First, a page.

Software development can be carried out by almost anyone with only a little technical know-how. This is unleashing a new generation of business coder, along with a matching wave of grassroots apps that solve long-neglected problems in the enterprise.
For most of IT history, the choice to build or buy new software has been the purview of those that actually had a choice. Simply put, most business users of applications have not possessed the technical abilities necessary to develop the solutions themselves.
So the business-side has long had to place their fate in the hands of those with the requisite skills but often with little sympathy for or first-hand knowledge of the business itself. Or they just ended-up acquiring pre-existing software that was a close enough fit, and then had it configured to their needs. Neither path has typically produced tech solutions that fit business needs very well, and 'good enough' has usually been the mantra of the day.
At the same time, the feature sets and complexity of the modern business application has grown to the point that fewer and fewer IT departments have the resources or time to actually build new home grown applications that meets today's rich requirements and high expectations. In most organizations, this has left growing application backlogs that those in IT departments and the lines of business both have increasingly tried to plug with off-the-shelf cloud and mobile apps, mostly SaaS solutions that don't require investment in, access to, or control of on-premises IT assets. Despite this, gaps often remain between the solutions and the actual business needs.
There's actually a lot of history here in trying solve this problem: The inability of the average business user to somehow mold software into solutions that meet their unique needs in the moment has become a 'holy grail' of several generations of companies attempting to solve the problem -- rapid application development (RAD) two decades ago and then model-driven development and enterprise mashups about decade ago.
Lack of ability to directly shape applications to meet users ongoing needs has thus been long-standing, even pernicious, issue that actively holds back the tech enablement. I'd even argue this is impeding the strategic progress of enterprise-wide digital transformation, which IDC says will be a top goal of the majority of organizations in 2016, as existing IT departments are insufficiently sized and resourced to fully digitize the contemporary organization.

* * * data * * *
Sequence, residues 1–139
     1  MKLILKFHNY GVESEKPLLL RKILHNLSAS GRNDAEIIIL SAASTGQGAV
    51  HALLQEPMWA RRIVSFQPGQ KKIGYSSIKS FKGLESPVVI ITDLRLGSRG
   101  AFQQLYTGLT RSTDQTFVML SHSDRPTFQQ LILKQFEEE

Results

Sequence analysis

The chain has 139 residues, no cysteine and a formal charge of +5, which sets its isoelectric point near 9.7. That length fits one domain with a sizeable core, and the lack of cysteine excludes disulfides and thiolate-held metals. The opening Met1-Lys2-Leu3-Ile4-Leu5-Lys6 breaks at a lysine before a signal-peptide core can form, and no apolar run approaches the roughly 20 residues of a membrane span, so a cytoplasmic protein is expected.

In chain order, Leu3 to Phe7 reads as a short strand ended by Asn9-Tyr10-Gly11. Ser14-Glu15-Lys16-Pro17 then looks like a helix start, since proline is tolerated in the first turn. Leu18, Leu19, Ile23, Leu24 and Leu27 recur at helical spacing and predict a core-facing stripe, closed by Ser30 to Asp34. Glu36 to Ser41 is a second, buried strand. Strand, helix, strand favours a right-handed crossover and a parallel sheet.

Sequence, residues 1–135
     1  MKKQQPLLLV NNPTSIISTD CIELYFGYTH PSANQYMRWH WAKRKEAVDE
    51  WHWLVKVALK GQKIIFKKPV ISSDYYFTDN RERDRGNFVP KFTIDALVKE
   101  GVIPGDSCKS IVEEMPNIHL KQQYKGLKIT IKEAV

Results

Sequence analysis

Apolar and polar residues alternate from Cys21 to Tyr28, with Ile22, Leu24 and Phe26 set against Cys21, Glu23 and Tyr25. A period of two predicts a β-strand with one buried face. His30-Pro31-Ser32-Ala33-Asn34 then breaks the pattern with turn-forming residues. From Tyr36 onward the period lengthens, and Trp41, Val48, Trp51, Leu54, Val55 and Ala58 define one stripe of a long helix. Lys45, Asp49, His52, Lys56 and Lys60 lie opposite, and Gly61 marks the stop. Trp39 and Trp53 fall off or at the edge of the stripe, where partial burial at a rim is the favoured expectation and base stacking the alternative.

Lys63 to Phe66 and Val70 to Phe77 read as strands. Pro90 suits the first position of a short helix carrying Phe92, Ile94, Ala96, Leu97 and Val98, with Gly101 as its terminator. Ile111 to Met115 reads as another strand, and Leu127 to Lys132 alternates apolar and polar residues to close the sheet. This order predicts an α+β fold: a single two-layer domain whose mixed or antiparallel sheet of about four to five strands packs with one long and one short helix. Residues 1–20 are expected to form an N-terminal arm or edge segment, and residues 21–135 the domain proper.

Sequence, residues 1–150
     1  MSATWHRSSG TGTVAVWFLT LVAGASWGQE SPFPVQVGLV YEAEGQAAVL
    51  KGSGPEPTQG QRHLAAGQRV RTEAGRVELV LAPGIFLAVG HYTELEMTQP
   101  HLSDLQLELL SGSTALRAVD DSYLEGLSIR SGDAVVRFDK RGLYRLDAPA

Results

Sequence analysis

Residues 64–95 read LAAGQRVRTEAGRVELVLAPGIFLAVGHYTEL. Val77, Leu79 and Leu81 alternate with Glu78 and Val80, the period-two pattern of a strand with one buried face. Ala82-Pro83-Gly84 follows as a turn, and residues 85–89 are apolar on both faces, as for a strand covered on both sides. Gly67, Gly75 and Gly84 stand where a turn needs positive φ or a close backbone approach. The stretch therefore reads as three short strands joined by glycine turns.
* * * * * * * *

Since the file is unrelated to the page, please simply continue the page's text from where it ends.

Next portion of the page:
Enter the Low Code revolution
While the debate is actually still raging on whether software development, in all its many forms, always entails genuine engineering ability, those with developer skills usually doubt that those without them actually create useful new applications.
Yet, there is also little doubt that an intriguing gray zone has emerged with the rising popularity of so-called 'low code' platforms that have become quite popular in the last couple of years. The success appears to lie in powerful yet supremely simple models based on event processing and data flow, that are easy to for almost anyone to understand and guide, and don't require actual coding.
Examples of these platforms abound, from consumer solutions such as the well-known IFTTT (If This Then That) and Skyvia, to the decidedly more enterprise-focused offerings of Zapier, Quickbase, and Mendix.
Several factors have converged to make low-code application development possible. One has been the great increase in the offering of open APIs by most software vendors (they have doubled in the last 18 months, to over 10,000 APIs currently available.) . This has opened up vital application data so that new business applications can be created to build upon existing assets. This is a vital form of reuse and integration, that allows new low code apps to be the glue between key business applications, instead of having to recreate large amounts of core code, which would require far more expertise.
Second has been the discovery of workable models for user-defined applications. Solutions like IFTTT and Zapier use events, such as the arrival of a new data record in an API feed, to trigger a simple set of user-defined steps, like copying the record to another system, or invoking an API in another application. Other solutions like Mendix use drag-and-drop interfaces to define UXs, define application logic, and connect data.
Combined, this allows, for example, straightforward definition of solutions to common scenarios, such as a) when a new customer record appears in the CRM system, b) to send a welcome e-mail to the customer, and c) then adding a calendar reminder to check on them with a phone call a week later.
This scenario can typically be developed into a working production software solution in just a few minutes today using low code tools, something that might take days or weeks to obtain via the traditional route, if the IT department even considered this a solution they could deliver on cost effectively. Instead, with the right platform, the business can take the lead in solution development.
The argument here is that there are thousands of such point needs not being met in the typical organization and that low code tools can actively turn the average business user into citizen developers, with perhaps just a little assistance from IT to check that that the new app is built logically, as well as making sure it's managed, supported, and governed.
To explain what the process might look like, I've depicted above what the emerging flow of citizen development looks like with low code platforms. While the actual details will vary a bit, I think it's an effective model that show the overall steps in citizen software development today.
Recent examples and data make the case for citizen development